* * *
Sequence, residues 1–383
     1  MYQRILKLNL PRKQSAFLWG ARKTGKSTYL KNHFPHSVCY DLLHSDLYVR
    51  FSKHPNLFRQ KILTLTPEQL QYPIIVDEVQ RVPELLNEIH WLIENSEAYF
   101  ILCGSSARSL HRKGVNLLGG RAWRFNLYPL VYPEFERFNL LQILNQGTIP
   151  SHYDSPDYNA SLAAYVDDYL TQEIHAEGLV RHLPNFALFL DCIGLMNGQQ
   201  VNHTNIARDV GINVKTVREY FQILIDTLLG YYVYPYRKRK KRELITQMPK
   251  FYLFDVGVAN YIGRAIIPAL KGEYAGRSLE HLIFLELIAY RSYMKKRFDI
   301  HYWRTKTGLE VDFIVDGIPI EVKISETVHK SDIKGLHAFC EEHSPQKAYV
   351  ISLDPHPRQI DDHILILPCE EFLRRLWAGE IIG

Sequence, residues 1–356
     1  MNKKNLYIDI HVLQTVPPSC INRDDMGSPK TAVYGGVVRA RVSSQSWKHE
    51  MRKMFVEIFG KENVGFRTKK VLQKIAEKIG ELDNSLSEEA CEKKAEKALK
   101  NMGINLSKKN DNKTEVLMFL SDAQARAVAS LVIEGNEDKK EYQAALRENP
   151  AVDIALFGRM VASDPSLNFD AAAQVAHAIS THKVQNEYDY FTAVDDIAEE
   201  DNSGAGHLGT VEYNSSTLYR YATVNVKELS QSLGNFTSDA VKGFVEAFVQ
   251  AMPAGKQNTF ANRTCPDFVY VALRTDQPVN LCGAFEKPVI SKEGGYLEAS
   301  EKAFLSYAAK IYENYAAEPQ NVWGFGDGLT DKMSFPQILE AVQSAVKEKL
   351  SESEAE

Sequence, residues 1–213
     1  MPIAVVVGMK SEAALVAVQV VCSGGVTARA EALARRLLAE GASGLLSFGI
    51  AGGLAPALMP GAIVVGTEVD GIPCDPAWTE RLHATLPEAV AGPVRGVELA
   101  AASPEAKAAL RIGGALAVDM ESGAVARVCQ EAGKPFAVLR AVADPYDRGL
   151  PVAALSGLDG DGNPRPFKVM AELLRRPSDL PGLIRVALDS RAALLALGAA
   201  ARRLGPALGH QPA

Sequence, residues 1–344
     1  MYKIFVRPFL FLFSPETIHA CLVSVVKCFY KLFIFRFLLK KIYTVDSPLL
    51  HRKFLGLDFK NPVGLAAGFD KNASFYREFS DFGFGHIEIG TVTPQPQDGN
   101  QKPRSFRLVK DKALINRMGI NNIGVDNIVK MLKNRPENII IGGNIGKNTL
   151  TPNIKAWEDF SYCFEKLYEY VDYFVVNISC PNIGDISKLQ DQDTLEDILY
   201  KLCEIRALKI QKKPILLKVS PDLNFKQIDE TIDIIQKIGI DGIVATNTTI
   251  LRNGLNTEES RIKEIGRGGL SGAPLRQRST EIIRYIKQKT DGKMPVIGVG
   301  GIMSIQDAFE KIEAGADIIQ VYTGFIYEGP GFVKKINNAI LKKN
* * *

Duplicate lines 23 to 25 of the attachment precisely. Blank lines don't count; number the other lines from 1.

   151  PVAALSGLDG DGNPRPFKVM AELLRRPSDL PGLIRVALDS RAALLALGAA
   201  ARRLGPALGH QPA

Sequence, residues 1–344